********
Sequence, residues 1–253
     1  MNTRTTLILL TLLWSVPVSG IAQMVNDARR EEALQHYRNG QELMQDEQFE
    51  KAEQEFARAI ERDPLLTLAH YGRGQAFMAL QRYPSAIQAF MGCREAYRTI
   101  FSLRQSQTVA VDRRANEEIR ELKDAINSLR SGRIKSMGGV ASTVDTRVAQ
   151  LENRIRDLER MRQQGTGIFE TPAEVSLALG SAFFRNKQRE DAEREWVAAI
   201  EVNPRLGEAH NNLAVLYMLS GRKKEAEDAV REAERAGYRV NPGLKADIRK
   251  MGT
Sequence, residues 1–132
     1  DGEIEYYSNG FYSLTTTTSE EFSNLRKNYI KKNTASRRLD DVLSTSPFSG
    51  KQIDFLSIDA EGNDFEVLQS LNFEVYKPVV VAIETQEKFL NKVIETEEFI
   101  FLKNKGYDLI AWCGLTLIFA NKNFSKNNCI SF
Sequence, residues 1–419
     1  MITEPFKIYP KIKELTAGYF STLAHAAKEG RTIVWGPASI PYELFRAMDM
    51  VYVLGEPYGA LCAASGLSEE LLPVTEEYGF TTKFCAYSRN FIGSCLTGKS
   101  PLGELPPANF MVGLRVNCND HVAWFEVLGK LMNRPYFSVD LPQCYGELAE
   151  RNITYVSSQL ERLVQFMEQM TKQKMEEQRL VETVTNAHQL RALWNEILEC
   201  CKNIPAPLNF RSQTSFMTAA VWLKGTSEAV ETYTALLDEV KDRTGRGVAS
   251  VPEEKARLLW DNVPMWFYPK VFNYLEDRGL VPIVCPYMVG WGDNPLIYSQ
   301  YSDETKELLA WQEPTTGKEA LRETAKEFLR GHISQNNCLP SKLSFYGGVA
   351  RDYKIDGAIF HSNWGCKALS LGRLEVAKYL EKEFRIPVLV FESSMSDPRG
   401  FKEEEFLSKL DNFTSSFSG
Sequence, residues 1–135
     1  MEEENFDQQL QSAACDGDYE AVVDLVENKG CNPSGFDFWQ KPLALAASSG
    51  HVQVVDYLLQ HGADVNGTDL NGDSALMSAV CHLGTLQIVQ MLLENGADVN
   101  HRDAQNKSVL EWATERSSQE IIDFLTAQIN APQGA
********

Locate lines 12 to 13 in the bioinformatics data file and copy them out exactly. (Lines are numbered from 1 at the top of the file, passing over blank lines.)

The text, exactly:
Sequence, residues 1–419
     1  MITEPFKIYP KIKELTAGYF STLAHAAKEG RTIVWGPASI PYELFRAMDM